on it like that, but you don't have the will to actually sit up.

1:15 pm--The power comes back on. Your computer doesn't. And the smell still hasn't come out.

1:30 pm--After calling for technical help, which doesn't, you attempt to reinstall whichever version of Windows is out this
week.

2:30 pm--By now you are gritting your teeth and taking deep breaths.

3:30 pm--The kid has quietly barricaded himself into his room.

4:30 pm--Everything has turned a nice, pretty shade of red. You call technical support again, but they ask only ask you if
you or anyone else in your home can speak any English.

7:43 pm--Your spouse, having already come home, eaten and settled down comfortably with a good book, coaxes you
away from the recalcitrant computer and browbeats you into eating something. You sit down in the kitchen for ten minutes
to eat and cool off.

7:48 pm--You return to the computer to find that the kid (who apparently can't operate the drain in the bathtub or the
handle on the toilet) has repaired the computer problem, and is playing your favorite video game. Better than you. You
take a little walk outside.

8:00 pm--The kid gets sent to his bed. You sit down to write.

9:00 pm--Finally, some work done. At some point your spouse tells you something. The words 'important,' 'money,' and 'foreclosure' figure prominently, but you're working. You mouth the ritual assurances while chopping excess passive voice from your sentences and get a kiss on the cheek in return.

10:00 pm--You are finished with the chapter, even if it is a short one. The chemical smell seems to have lessened (or maybe your nose has just been burned out due to overexposure). Pleased, you save your chapter, print it, catch a shower and get into bed.

10:02 pm--You realize that you forgot an important detail from the last chapter that makes the chapter you just wrote logistically impossible and that there is no way to salvage it. The sound of your head thumping repeatedly against the headboard wakes up your spouse, and you slink down to the computer to sulk.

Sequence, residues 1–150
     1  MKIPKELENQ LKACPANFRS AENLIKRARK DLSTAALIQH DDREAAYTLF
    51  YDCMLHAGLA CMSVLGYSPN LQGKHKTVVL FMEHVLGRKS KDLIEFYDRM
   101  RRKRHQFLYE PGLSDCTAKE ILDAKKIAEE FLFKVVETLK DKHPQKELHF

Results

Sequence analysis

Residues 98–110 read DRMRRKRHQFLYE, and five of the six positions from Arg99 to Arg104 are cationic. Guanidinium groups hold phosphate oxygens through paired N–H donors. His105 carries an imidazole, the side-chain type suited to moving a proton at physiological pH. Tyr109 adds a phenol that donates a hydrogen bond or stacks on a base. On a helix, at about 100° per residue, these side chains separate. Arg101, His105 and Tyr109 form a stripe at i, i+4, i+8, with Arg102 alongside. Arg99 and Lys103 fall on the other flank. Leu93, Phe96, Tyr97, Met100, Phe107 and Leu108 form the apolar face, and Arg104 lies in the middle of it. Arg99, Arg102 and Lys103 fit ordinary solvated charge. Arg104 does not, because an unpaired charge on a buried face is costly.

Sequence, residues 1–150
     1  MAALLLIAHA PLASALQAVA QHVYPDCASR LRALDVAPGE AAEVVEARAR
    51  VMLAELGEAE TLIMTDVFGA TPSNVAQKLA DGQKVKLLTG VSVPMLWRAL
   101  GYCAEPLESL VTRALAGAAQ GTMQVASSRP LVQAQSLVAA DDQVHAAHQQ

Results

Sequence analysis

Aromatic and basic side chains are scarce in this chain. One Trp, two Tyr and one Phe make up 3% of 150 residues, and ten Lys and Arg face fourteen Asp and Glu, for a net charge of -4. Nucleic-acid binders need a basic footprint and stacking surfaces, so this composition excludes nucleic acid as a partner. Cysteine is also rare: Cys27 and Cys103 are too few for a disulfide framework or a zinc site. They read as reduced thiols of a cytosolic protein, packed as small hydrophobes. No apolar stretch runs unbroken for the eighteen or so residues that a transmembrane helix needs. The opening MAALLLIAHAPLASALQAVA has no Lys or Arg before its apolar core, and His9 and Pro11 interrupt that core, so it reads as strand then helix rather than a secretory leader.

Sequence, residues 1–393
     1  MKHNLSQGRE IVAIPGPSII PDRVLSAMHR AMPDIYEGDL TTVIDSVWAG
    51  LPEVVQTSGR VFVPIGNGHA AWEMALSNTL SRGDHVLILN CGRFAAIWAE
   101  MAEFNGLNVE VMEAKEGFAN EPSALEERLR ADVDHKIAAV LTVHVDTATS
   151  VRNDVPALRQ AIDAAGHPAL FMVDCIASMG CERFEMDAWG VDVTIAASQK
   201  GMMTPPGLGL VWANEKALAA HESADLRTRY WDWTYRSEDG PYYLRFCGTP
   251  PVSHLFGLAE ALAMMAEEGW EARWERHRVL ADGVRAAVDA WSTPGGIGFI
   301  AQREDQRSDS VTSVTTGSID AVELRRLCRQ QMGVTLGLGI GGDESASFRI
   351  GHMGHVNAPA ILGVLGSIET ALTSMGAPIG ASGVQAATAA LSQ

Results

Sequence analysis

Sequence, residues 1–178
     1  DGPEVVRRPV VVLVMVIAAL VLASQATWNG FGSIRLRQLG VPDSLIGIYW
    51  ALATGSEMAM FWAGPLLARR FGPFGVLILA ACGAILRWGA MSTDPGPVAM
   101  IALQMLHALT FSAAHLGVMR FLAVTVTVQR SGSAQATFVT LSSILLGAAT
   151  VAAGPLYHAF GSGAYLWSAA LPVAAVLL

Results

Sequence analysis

10:05 pm--You erase the chapter. You try to get in touch with your muse, but she has gone missing and left no forwarding address. The whore. You look at the calendar. You despair.

10:30 pm--You start hacking on the chapter again, but it's like pulling out your own teeth. Through your nose.

12:30 am--Finished at last, you eye the chapter with the same affection as you might a newborn tapeworm. Then you save it and print it out.

12:32 am--While the chapter prints, you check the mailing list. Some witless loudmouth has posted an argument supporting Pooh's manic-obsessive behavior with regards to honey as his primary psychological dysfunction, when OBVIOUSLY he is simply learning-disabled with an inability to distinguish fantasy from reality. Why else would he try to sneak up on a nest of bees disguised as a rain cloud?

 2:07 am--Finished with your rebuttal, you fire it off to the list with a satisfyingly forceful thump on the enter key. That will show them.

Honestly, some people really need to get a life.
 
 Uh, thanks, Jim. We think.